New England’s Best Ski Trails for Experts

You have heard it said that if you can ski in New England – you can ski anywhere. Well, these trails certainly support that claim. Our Northeast ski areas offer some of the most challenging trails anywhere, due to our terrain, our climate and the resulting unpredictable nature of our conditions. Although they are not as high in elevation as the West, the fall line and the natural elements inherent to our mountains present their own unique difficulty. A few of my selections feature sister trails on the same mountain, therefore possessing a similar pitch and style, so these trails are listed together. This has the added advantage of not precluding worthy trails at other ski areas. See also New England’s Most Scenic Trails and New England’s Most Interesting Ski Trails.

1. Rumble at Sugarbush Vermont. Dodging trees, negotiating bumps, stumps and jumps, the name Rumble can be quite literal. This narrow, winding and steep trail is part of the formidable Castlerock area, which is anything but glamorous skiing. We are talking narrow and natural with precipitous drop-offs. Try Liftline when you finish Rumble, or should I say – when Rumble finishes you.

2. Goat at Stowe, Vermont is a heart-thumping, narrow, twisty run with serious vertical drop. This trail, along with the very steep Star, are outstanding adventures, part of Stowe’s famous Front Four. National and Nose Dive, while they are still awesome trails, no longer qualify since have been altered to accommodate the masses, and therefore have lost some of their “nasty” edge.

3. Robin’s Run, Freefall, and Liftline represent the double black diamond trio at Smugglers’ Notch, Vermont. If Stowe has its Front Four, Smugglers’ has these three that share the same incredible pitch in varying degrees of steeps, knolls and cliffs. Robin’s is much too narrow. Freefall is so steep that mini-avalanches occur with each jump turn. Liftline is under the lift – obviously, making it very intimidating between cliff bands, towers and the watchful eyes of spectators riding the chair overhead.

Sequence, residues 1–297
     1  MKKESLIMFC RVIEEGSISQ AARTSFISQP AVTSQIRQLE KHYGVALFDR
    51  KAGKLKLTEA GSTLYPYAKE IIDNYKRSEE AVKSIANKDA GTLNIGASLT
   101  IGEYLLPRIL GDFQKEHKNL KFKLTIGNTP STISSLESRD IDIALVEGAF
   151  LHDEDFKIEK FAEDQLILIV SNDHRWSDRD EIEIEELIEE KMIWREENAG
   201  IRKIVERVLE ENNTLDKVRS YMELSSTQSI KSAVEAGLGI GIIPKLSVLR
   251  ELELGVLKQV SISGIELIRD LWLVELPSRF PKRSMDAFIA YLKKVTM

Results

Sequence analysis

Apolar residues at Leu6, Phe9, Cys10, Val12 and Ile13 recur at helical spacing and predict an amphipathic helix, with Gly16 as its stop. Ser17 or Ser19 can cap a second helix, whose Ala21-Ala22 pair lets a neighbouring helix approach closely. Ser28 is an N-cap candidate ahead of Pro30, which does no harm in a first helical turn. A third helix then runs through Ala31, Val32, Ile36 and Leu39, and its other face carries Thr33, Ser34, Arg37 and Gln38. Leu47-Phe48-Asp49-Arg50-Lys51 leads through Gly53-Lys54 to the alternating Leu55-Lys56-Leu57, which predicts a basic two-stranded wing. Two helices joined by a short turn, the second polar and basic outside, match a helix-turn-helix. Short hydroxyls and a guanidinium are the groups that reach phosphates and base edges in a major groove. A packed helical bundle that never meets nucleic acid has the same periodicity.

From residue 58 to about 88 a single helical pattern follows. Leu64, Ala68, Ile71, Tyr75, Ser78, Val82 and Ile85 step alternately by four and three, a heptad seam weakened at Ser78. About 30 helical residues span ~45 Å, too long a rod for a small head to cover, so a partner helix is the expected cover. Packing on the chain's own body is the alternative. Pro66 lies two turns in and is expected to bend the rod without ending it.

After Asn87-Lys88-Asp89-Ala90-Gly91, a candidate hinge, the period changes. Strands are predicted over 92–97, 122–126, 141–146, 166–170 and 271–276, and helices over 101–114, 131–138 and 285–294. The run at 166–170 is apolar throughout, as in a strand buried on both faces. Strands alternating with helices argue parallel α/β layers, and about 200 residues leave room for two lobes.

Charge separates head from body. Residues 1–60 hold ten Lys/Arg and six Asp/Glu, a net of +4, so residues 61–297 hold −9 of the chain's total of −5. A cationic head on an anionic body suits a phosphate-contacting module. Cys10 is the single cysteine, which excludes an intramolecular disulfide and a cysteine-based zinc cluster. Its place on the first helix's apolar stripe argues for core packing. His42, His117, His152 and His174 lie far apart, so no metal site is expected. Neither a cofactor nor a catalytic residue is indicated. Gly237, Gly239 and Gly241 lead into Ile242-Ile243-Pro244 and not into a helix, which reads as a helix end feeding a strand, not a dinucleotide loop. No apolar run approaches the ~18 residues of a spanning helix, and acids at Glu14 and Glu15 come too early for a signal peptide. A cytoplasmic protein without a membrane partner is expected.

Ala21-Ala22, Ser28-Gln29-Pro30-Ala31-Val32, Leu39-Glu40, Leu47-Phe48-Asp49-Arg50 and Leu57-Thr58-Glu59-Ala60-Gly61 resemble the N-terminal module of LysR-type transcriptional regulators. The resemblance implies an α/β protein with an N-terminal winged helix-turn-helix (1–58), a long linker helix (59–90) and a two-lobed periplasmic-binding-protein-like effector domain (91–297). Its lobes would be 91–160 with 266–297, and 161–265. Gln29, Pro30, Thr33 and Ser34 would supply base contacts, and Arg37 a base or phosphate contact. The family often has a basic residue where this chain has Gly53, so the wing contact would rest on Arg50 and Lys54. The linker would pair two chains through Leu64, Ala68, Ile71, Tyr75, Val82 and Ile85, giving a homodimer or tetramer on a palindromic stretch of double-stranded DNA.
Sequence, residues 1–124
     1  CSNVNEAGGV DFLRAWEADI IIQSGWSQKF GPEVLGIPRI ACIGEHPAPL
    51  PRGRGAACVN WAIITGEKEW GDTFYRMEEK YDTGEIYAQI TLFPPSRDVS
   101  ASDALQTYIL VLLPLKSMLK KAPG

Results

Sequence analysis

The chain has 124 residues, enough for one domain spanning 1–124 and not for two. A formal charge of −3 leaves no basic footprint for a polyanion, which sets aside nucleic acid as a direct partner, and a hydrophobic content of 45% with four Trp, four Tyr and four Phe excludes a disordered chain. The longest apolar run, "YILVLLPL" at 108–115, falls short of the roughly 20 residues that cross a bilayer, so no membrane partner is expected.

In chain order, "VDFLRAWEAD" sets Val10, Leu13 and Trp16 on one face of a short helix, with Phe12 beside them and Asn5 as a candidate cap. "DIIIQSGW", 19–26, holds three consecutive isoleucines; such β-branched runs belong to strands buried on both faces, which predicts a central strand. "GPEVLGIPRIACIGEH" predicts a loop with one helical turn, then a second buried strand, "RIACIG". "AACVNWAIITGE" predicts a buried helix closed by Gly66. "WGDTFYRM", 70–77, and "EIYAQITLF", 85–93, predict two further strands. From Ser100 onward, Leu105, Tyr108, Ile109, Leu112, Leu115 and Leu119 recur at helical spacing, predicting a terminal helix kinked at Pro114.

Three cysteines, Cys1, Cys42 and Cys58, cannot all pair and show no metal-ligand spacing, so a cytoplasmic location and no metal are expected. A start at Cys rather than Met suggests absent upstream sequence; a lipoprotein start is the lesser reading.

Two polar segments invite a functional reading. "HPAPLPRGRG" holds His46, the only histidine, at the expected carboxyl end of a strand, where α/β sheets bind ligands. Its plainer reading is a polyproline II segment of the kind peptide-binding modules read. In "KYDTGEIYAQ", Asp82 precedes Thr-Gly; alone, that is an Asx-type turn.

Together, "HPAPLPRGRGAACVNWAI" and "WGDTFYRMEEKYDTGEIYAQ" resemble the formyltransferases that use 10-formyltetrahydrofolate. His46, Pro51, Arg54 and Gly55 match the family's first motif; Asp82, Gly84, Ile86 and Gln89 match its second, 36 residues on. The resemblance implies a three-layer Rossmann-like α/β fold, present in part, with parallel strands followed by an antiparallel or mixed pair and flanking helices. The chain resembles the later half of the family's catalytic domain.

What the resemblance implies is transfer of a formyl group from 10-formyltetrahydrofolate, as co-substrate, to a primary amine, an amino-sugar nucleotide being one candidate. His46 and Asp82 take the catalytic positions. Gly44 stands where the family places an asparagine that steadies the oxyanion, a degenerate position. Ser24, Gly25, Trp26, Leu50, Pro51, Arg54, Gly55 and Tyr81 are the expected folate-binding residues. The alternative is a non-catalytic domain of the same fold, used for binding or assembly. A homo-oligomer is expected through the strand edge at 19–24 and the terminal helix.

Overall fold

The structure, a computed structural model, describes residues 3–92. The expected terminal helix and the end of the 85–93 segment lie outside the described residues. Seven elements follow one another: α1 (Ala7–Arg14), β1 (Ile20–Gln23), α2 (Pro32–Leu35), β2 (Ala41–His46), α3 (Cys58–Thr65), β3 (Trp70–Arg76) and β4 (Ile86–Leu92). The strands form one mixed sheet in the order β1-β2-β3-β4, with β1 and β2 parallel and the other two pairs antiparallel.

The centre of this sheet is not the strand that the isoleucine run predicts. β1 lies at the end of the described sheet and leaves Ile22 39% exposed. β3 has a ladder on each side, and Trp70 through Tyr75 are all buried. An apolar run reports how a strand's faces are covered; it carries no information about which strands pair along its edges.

4. Muleskinner at Saddleback, Maine makes the list for high adventure. The traverse (or hike for snowboarders) out to this narrow trail will have you telling stories. The trail itself also presents a few challenges. You just have to ski it to believe it.

5. Shockwave at Maine’s Sunday River gets my vote. Neighboring White Heat receives all the accolades (longest, steepest, widest) and hosts all the events, but Shockwave is a little steeper, with a few twists. It is not an exhibitionist trail to those riding the quad, so you ski it purely for your own exhilaration. Off the beaten path, this trail is also posted as NFT: an acronym for “No Fall Terrain”.

6. Bubblecuffer at Sugarloaf in Maine can have bumps the size of Volkswagens. This trail starts at Sugarloaf’s snowfields, and continues on for what can seem like forever if you are not equipped with rubber knees. Serious pitch and big moguls make this double black diamond a trail worthy of bragging rights.

7. Ovation, located to the right of Killington’s popular Superstar as you ride the quad, is wide but very steep and just keeps getting steeper as it descends toward the Killington Base Lodge. Honorable mention goes to Devil’s Fiddle for its initial drop-off, located to skiers’ right of the legendary Outer Limits which receives the publicity as the steepest mogul slope in New England.

8. Giant Killer at Pico Vermont says it all in the name. This is the only trail on the east side off the summit of Pico. The steep pitch with big, firm moguls presents a fierce combination.

9. Mad River Glen in Vermont makes the list, not for any one particular trail, but for all of the au naturel skiing without modern grooming and snowmaking. The conditions here are completely at the whims of Mother Nature. That can make the ski experience very challenging – hence the slogan, “Ski it if you can”. If I had to choose one most difficult trail here, it would be Paradise.

10. Tuckerman’s Ravine, though not lift accessed, must be experienced if you wish to join the ranks of truly hard-core New England skiers. First you must climb the two-mile approach to Mount Washington lugging your equipment. This separates the big dogs from the puppies. And if you are going to do “Tucks”, do it right, over the Lip or Center Chimney. Please consult your physician before attempting this activity.